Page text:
I’m going to share with you I’m doing, but first I’m going to give you some background on some teaching from the Christian church long ago on meditation, and how Transcendental meditation is different.<img

Early Teaching on Meditation for Christians

The Early Church had varying opinions and teaching on meditation for Christians, but at that time life was very different. Families lived more conservative lifestyles, and the Church itself was more legalistic in nature.
However, I’d like to share some of those basic principles with you right now.

 

    1. Christian meditation is a reflection the life of Jesus. I always tell new Christians to read the book of John, and then continue studying from there. Digging deep into the life of Jesus and reflecting on His nature, His ways, and His prayer life. He alone is the ONE and only TRUE example. If we model our prayer life and how we interact with others after Jesus we will win. Saint Theresa of Avila wrote a book entitled The Interior Castle. This book is a great portrayal of what it means to reflect on the life of Jesus and the various areas of our life that need attention and what I refer to as, “prayer care”.  She said this regarding meditation, “By meditation I mean prolonged reasoning with the understanding, in this way. We begin thinking of the favor which God bestowed upon us by giving us His only Son; and we do not stop there but proceed to consider the mysteries of His whole glorious life.” This is so true, and the most basic principle of meditation for the Christian Church.

 

  • Christian meditation is NOT related to Transcendental meditation. Christian meditation is taking the Word of God and making it a reality in your life, but there are many forms of meditation and religious practices that don’t promote God our Father or the teachings of His holy Word. Easter religion has had such a tremendous impact on the world, but one thing you should know is that meditation for Christians isn’t about chanting mantras. Meditation should be focused on one area of your life, and in prayer asking God to reveal to you His plan and His way. One key scripture I love is Joshua 1:8 which says this, “ This book of the law shall not depart out of thy mouth; but thou shalt meditate therein day and night, that thou mayest observe to do according to all that is written therein: for then thou shalt make thy way prosperous, and then thou shalt have good success.” God will grant good success to those who meditate on His Word day and night!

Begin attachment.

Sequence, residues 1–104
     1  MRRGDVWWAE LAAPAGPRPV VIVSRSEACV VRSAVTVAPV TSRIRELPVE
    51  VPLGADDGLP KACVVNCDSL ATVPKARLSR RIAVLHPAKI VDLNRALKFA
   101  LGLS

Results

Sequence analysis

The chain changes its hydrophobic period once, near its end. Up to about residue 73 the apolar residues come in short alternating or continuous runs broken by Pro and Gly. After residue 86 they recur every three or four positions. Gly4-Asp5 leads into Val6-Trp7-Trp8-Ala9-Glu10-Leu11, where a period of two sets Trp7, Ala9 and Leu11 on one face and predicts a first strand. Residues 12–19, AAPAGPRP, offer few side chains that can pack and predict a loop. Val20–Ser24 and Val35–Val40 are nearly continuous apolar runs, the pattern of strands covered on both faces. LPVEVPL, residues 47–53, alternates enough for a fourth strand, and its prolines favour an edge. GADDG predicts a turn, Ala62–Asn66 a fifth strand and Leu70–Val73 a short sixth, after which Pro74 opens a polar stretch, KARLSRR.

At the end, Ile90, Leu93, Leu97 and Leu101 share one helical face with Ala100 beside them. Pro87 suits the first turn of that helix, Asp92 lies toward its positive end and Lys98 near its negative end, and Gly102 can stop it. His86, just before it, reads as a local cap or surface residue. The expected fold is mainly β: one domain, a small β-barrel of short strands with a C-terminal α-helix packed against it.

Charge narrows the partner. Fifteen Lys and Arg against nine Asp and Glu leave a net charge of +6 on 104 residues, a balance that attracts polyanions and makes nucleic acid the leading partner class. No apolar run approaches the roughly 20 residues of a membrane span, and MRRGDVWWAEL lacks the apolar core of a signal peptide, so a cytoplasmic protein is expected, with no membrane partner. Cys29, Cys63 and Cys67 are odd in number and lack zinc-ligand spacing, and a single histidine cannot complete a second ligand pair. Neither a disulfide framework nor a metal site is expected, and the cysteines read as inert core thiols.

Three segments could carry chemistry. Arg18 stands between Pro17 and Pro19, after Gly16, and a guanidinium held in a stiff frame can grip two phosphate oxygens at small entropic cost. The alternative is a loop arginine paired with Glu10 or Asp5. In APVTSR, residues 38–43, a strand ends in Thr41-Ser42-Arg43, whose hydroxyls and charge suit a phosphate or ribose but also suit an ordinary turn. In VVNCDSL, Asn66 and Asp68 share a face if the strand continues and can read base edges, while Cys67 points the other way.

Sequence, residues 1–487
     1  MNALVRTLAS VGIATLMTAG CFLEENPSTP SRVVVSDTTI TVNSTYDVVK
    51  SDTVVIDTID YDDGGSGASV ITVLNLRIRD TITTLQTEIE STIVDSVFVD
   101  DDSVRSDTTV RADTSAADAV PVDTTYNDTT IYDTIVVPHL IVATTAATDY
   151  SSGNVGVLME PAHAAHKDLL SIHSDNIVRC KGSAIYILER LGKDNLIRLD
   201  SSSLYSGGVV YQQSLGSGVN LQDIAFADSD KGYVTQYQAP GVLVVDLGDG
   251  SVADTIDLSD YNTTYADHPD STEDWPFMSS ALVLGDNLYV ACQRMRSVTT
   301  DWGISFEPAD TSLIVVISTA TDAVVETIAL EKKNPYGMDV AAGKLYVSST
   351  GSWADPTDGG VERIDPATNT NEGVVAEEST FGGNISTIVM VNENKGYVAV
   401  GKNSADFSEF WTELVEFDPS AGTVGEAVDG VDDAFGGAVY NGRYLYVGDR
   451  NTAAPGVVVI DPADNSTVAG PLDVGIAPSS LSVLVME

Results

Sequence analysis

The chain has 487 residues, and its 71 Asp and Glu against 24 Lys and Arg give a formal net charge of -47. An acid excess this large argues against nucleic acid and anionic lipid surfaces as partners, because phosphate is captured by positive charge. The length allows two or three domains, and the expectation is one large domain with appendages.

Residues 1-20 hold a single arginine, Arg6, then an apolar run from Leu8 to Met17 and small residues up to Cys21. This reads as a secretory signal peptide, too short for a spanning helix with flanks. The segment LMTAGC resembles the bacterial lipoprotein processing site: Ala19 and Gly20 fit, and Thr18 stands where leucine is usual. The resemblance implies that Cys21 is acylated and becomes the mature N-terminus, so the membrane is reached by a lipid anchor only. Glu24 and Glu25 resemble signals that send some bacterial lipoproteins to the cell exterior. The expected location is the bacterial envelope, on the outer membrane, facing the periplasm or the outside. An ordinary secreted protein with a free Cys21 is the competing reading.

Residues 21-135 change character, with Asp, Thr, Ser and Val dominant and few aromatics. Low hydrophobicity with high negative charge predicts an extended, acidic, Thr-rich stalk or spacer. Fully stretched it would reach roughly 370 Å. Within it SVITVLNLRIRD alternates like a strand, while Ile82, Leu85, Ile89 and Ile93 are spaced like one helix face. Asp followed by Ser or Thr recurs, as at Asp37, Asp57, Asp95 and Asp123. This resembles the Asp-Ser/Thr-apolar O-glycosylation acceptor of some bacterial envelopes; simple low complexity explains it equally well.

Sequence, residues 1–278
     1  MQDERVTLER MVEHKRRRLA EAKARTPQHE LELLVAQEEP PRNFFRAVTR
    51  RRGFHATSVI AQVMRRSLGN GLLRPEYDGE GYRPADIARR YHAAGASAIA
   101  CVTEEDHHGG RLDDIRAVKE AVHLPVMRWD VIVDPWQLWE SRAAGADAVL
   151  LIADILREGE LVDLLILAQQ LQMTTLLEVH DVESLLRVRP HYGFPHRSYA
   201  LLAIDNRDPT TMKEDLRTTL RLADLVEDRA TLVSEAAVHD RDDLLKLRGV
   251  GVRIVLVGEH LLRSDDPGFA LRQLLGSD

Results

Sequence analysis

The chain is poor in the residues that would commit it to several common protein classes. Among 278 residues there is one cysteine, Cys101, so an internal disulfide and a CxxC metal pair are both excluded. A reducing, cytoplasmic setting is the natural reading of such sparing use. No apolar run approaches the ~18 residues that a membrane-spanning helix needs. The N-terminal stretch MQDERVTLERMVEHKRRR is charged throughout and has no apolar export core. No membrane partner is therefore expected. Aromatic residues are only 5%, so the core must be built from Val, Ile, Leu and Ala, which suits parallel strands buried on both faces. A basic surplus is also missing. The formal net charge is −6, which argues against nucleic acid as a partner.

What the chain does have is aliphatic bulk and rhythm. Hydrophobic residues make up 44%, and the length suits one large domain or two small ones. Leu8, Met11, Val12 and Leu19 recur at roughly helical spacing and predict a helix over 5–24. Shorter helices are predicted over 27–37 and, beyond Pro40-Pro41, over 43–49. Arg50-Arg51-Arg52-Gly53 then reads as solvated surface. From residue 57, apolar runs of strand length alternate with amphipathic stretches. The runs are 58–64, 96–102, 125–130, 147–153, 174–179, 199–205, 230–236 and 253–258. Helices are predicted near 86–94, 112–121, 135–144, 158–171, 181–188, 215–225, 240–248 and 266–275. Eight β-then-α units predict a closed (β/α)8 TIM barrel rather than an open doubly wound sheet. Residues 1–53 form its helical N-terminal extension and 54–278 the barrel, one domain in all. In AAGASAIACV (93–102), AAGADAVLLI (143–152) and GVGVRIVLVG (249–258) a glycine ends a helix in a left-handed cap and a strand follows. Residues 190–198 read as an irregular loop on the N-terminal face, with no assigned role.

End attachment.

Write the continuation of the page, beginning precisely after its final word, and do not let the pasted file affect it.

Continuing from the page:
• What Transcendental meditation is. This form of meditation is focused only on looking within yourself and “detaching” yourself from the world. One of the most common practices in transcendental meditation is chanting. God’s Word speaks clearly against, “vain repetitions” in Matthew chapter 6. This means that every word we speak should serve a purpose; “ But when ye pray, use not vain repetitions, as the heathen do: for they think that they shall be heard for their much speaking.” If what you do isn’t being done unto God, then it’s being done for the praise and approval of man.

 

 

 

A Great Model for Meditation for Christians

Have you ever heard of Elmer Towns?
He is one of the best Christian authors I’ve read in a long time. His book, Biblical Meditation is the perfect guide for meditation for the church. Towns takes the reader through the journey of biblical examples of meditation found in scripture, and he elaborates on them. There is a basis for each model, and he points you to scripture for each one making it easy to understand God’s plan.
As business owner, I meet a lot of individuals that make meditation a big part of their life. I decided it was time to look into these programs, but I had so little knowledge of them. My biggest concern was whether or not this would be against God’s principles and teaching in His Word.
I did come across a few that offered free demos. I requested one to try out, and the initial demo of course is based upon using tones and sounds to induce a deep state of meditation. The program only teaches you to focus on your breathing and to get into a state of being centered and focused.
I’ve decided for myself that I want to use this to keep me focused, but there is no replacement for God’s Word and the peace that passes all understanding.
Thank you for reading this article on “meditation for Christians”. I hope that you’ll share this with others and help them see how beneficial it can be for them. God does bless meditation, but it needs to be based on His Word and in His ways.